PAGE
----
• the dispute must be within CAV’s jurisdiction;
• an attempt must have been made to resolve the dispute with the business;
• the dispute must not have been determined by, or be pending in, the Victorian Civil and Administrative Tribunal (VCAT) or the courts; and
• there must be a reasonable likelihood that the dispute will be settled.
For more information about the criteria for accessing CAV’s conciliation service, see CAV’s conciliation policy, available on its website (www.consumer.vic.gov.au).
CAV’s conciliation service is voluntary; traders and consumers cannot be forced to participate. Also, CAV can not make a binding determination or force a party to accept a particular outcome (only VCAT or the courts can force a business to resolve an issue). CAV aims to resolve disputes efficiently and constructively, to ensure systemic issues are identified, inappropriate conduct is stopped, and redress is obtained when appropriate. CAV also provides specialist conciliation services, such as the Estate Agents Resolution Service.
If your dispute cannot be resolved by conciliation, CAV can provide information and advice on what alternative remedies you can pursue, such as:
• taking the matter to VCAT;
• lodging a complaint with the relevant industry ombudsman;
• seeking legal advice.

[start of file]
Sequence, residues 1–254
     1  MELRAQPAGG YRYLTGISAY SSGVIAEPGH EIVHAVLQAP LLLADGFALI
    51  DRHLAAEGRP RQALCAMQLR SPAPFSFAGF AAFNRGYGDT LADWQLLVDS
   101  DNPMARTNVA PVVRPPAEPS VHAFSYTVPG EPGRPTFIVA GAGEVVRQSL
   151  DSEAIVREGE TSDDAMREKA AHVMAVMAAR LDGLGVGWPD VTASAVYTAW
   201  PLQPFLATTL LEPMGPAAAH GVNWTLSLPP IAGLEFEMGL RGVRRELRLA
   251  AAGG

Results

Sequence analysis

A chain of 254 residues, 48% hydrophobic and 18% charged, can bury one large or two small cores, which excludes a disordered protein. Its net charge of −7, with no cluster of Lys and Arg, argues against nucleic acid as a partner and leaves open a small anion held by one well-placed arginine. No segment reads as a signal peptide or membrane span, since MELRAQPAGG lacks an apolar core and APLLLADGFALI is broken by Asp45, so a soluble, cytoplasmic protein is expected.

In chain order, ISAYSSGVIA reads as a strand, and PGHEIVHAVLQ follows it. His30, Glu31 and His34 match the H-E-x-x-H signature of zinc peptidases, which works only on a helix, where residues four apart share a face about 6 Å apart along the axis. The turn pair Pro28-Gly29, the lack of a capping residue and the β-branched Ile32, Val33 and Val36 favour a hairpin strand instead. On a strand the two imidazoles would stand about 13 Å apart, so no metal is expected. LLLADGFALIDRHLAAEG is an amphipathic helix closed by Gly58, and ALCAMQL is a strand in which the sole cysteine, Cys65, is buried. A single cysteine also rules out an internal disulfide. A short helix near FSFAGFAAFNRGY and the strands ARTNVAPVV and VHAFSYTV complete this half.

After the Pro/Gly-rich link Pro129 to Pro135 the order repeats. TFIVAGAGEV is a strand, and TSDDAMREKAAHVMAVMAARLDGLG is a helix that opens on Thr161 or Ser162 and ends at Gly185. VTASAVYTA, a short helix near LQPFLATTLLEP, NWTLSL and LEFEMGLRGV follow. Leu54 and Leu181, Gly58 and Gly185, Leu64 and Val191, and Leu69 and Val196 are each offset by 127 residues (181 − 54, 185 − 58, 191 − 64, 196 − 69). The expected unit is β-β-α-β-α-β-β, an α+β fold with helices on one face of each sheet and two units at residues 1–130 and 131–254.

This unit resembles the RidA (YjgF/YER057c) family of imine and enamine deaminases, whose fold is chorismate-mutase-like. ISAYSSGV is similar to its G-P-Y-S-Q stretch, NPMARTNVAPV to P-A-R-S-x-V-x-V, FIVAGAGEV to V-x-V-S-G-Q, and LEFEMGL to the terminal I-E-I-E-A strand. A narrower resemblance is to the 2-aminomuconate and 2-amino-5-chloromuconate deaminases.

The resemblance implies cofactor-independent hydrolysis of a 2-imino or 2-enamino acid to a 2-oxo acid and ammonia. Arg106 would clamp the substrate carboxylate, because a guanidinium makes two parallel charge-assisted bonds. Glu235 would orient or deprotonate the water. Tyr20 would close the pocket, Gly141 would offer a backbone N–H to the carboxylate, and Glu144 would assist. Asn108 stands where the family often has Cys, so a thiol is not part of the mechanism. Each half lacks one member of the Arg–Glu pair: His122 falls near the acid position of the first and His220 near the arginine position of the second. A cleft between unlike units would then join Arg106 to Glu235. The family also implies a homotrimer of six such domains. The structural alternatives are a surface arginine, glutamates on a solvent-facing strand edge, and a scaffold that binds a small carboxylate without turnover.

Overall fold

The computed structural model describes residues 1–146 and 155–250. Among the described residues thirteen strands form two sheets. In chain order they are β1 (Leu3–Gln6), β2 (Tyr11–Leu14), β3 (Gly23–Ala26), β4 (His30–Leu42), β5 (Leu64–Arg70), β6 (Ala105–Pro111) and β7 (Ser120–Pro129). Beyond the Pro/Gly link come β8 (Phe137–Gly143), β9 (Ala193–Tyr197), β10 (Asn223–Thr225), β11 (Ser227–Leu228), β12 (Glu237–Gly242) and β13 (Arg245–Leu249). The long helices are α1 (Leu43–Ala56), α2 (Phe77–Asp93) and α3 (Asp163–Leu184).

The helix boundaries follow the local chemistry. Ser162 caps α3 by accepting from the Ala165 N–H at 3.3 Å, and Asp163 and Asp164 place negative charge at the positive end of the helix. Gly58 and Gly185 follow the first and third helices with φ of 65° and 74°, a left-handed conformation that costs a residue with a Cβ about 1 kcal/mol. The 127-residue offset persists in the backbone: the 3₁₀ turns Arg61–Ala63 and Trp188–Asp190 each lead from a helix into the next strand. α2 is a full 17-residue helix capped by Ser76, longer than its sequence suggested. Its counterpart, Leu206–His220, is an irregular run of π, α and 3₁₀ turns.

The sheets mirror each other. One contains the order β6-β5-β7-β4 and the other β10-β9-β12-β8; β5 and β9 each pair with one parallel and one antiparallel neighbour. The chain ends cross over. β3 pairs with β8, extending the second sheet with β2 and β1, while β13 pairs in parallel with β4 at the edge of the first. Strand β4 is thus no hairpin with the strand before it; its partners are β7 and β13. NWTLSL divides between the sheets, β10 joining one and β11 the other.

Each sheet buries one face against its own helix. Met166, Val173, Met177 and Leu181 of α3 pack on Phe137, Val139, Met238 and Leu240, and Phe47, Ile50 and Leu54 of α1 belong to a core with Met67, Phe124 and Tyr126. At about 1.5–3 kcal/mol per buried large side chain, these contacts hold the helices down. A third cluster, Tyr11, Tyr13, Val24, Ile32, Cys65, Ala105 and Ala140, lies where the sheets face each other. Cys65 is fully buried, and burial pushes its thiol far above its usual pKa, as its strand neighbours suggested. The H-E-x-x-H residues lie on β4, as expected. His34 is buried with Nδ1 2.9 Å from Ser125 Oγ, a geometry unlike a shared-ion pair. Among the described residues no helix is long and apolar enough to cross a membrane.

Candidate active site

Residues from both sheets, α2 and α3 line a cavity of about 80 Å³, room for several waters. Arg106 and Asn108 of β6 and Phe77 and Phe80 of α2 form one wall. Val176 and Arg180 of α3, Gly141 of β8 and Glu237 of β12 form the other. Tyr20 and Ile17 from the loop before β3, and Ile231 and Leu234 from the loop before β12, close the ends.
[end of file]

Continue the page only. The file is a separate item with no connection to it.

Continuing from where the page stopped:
While CAV provides extra help for consumers with a disability (see “Advocacy for people with a disability”), in most cases, it is up to the consumer to pursue alternative remedies.
VCAT has jurisdiction to determine consumer and trader disputes (ss 182, 184 ACL&FTA). For example, under the ACL&FTA (s 184(2)), VCAT can:
• refer the dispute to a mediator;
• order payment of money owed or damages;
• vary any term of a contract;
• declare that a term of a contract is void (including because it is an unfair contract term);
• order specific performance of a contract term;
• order the refund of any money paid under a contract;
• order rescission (cancellation) of a contract.
Free legal advice is available from community legal centres (see Legal services that can help).
For further information on the remedies available under current laws, see Consumer protection laws.
Intelligence (information) about bad behaviour in the market is important to CAV. It enables the agency to track emerging trends and to identify individual businesses, or problems within industry sectors, that may be causing harm to consumers.
You can report bad behaviour by filling in a complaint form (available on CAV’s website) and sending it to CAV; or, if reporting a scam, by filling in the online “dob in a scam” form on CAV’s website.
CAV works closely with the Victorian Aboriginal Legal Service, the National Indigenous Consumer Strategy reference group (of which it is a member), and Aboriginal and Torres Strait Islander commun-ities and individuals to help resolve consumer issues, and to develop resources for, Aboriginal and Torres Strait Islander consumers and businesses. CAV also provides a Koori helpline service that provides specialist advice (see “Contacts”).
The Consumer Action Law Centre also offers Koori Help (https://koorihelp.consumeraction.org.au; tel: 1800 574 457).
CAV provides free, one-to-one assistance for people with a disability who need extra help with a tenancy issue. CAV’s advocates can:
• explain tenants’ rights and responsibilities;
• explain documents;
• negotiate with landlords and property managers;
• prepare for, and appear at, VCAT hearings.